With clear skies, moderate temperatures and the beginning of off-season discounts on lodging, September is a great time to head to Brookings.

With clear skies, moderate temperatures and the beginning of off-season discounts on lodging, September is a great time to head to Brookings.

This month, in addition to favorite views at Harris Beach and Cape Ferrelo, check out The Vista Pub, 1009 Chetco Ave., Brookings.

Two brothers, Raymond and Ryan Ross, have transformed a former bagel shop at the northwest end of town into a welcoming pub featuring fresh food and quality microbrews in an atmosphere that pays homage to the area's fishing and timber heritage. Since The Vista opened in March, it's become a favorite stop when my husband and I visit his family on the coast.

A burger with a base price of $8.50 is the centerpiece of the menu. The basic Vista burger is a third of a pound of grass-fed beef, but change that out for chicken breast, grilled portobello mushroom or a Gardenburger for the same price. While the guys in the Burke family go straight for the beef, my mother-in-law recommends the portobello burger.

All burgers are piled on buns baked at Bakery by the Sea — just up the street — then topped with lettuce, tomato and a tangy aioli made from a Ross family recipe that features red onion and sweet-pickle relish.

But that's just the beginning. A slew of additional toppings such as Rumiano cheeses, specialty mustards, teriyaki or barbecue sauce can be added for 50 cents each, or go really nuts with $1 toppings such as avocado, sauteed onions and mushrooms, Rogue Creamery blue cheese, bacon, ham or even an egg. With options like these, no one will go hungry.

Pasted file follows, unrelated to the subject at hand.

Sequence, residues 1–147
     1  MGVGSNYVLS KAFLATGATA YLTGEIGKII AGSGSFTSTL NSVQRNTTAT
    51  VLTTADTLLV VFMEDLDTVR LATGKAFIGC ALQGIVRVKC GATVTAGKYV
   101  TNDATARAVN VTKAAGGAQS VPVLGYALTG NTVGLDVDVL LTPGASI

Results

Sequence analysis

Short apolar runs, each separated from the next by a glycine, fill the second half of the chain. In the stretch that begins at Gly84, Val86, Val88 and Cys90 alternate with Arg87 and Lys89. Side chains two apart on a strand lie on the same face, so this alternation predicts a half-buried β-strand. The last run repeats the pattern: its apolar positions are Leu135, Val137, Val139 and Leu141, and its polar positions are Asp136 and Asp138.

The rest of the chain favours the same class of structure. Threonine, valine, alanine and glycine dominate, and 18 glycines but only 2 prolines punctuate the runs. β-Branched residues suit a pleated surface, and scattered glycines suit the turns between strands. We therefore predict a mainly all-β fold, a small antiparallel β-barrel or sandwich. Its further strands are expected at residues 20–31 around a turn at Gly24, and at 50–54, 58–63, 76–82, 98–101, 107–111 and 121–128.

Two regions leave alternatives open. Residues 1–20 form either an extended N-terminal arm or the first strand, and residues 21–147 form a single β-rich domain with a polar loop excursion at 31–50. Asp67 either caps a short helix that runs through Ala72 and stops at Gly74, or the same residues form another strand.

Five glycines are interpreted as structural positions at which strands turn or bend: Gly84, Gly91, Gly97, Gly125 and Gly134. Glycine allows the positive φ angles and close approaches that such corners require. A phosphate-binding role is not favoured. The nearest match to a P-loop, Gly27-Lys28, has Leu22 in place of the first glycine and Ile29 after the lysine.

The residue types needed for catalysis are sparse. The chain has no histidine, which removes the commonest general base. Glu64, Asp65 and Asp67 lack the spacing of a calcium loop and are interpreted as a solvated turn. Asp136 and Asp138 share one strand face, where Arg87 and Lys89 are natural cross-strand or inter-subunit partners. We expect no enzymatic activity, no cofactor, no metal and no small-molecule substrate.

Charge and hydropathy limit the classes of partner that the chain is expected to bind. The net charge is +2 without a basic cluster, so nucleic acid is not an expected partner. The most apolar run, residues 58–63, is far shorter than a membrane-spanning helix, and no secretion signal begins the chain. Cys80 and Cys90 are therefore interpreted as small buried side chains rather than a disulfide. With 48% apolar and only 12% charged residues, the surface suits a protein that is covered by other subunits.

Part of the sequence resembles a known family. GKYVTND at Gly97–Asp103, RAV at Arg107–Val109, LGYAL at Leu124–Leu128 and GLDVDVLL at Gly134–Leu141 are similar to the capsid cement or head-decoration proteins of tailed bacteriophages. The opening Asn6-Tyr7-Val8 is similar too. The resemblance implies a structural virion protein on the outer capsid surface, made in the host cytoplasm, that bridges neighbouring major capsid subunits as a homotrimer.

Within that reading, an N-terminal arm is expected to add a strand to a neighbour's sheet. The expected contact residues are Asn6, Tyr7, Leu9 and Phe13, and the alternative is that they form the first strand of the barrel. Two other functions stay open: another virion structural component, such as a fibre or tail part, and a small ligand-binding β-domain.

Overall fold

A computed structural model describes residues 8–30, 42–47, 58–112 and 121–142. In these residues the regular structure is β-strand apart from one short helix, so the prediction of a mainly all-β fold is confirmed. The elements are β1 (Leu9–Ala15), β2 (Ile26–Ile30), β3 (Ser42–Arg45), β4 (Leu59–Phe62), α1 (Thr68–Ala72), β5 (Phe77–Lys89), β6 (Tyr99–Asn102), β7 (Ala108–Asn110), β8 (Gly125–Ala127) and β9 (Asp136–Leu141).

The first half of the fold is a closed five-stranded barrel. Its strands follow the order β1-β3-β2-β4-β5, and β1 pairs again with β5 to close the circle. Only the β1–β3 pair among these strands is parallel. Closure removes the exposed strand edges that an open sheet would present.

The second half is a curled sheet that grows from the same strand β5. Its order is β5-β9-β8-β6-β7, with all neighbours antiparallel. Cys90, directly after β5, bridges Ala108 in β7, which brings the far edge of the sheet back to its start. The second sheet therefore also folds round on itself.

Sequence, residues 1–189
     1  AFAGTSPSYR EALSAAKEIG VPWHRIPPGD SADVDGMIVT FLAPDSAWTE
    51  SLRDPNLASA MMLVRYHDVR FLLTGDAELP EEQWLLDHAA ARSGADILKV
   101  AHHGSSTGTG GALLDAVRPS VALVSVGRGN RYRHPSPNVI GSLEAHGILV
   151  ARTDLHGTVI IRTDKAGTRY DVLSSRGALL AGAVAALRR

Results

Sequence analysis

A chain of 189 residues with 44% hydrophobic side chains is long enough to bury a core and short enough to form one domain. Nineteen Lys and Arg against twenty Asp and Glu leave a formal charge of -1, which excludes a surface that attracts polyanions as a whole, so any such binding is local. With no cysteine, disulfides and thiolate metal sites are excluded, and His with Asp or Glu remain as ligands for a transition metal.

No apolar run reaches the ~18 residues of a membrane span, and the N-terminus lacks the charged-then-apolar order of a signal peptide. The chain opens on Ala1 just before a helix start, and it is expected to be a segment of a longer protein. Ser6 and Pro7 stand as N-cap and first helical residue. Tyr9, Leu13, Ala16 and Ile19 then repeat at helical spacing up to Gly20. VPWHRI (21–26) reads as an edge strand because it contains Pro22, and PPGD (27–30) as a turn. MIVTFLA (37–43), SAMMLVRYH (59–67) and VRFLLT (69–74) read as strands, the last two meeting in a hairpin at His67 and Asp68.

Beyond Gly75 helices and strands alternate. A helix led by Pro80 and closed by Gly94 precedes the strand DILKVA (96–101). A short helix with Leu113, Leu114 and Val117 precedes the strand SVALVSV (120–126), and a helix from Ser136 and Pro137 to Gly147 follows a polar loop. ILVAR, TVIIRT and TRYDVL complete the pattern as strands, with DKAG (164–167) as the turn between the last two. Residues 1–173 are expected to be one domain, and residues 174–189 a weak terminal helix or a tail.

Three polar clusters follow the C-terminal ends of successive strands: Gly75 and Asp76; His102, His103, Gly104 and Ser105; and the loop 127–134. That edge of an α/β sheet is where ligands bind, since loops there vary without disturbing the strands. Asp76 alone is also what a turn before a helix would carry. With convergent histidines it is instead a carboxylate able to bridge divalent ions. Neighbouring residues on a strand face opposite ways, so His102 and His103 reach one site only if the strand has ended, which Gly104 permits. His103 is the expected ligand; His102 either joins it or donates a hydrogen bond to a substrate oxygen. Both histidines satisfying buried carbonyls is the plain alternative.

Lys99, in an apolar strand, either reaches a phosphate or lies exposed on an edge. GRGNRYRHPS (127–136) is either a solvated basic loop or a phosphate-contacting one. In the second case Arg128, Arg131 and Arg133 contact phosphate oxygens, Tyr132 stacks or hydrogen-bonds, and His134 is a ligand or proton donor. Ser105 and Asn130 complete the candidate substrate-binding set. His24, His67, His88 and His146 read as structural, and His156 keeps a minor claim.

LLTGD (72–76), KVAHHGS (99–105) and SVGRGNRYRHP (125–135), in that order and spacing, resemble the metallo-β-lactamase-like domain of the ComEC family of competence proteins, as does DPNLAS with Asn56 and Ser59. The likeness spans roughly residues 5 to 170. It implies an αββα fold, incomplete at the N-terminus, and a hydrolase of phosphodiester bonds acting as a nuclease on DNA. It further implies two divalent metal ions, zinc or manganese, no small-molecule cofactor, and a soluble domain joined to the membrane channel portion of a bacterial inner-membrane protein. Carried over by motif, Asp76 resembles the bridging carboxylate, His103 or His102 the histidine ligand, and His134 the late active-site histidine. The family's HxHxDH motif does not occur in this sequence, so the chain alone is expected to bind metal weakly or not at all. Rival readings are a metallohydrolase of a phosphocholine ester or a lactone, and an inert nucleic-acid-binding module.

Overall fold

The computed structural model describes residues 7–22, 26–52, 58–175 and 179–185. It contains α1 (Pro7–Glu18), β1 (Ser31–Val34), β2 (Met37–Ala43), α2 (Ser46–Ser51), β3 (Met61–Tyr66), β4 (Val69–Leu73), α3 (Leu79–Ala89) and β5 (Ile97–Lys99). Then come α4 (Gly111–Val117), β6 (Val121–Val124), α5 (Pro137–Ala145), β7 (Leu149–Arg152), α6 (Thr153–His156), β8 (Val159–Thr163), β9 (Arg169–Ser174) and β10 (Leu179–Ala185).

Each burger is accompanied by fresh-cut fries, which earn rave reviews. Diners can upgrade to freshly made beer-battered onion rings for an extra $1 or go with a side salad for $2 more.

The crunchy, fried bar food is a step above what's served at most locations on the coast or inland, thanks to fresh, often local ingredients instead of old standards from the freezer. I especially like the hearty jalapeno poppers. A $4.99 order included three big, bright, vegetal peppers of varying degrees of hotness, stuffed with cream cheese, sharp cheddar and bits of bacon, then coated in crisp panko breadcrumbs.

A few salads and sandwiches, along with daily specials focusing on the season's bounty of local vegetables, round out the menu. A children's menu includes chicken strips and grilled cheese.

The Vista has six beers on tap, running the gamut from a rich porter or stout to light pale ale or even a pilsner. A selection of bottled beers adds variety. Raymond Ross says he strives to feature "the best beers between San Francisco and Seattle." Indeed, on each visit, I've found the pub offers a fine mix of quality brews.

The bar itself is a gleaming slab cut from a drift log salvaged from Kellogg Beach near the mouth of the Smith River. Ross family members, who also run a woodworking business called W.R. Ross & Sons, milled the bar and tables and also crafted wine and mug racks at the pub, explained Raymond Ross.

Finely crafted woodwork and food are both family traditions, he said. His grandmother, Katie Ross, operated a restaurant called The Island Vista on Orcas Island, Wash., in the late 1960s and early '70s. The brothers' fond memories of that Vista burger — and Grandma Katie's recipes — inspired them to open their Brookings venture.

The Vista also offers live music. Jerry Moffit, a popular retired music teacher in Brookings, plays jazz on Thursdays, bringing a range of guest artists to perform with him, and Ross regularly books other musicians on weekends.

The pub's only views are of Highway 101, but The Vista itself ranks right up with the best of the South Coast.

— Anita Burke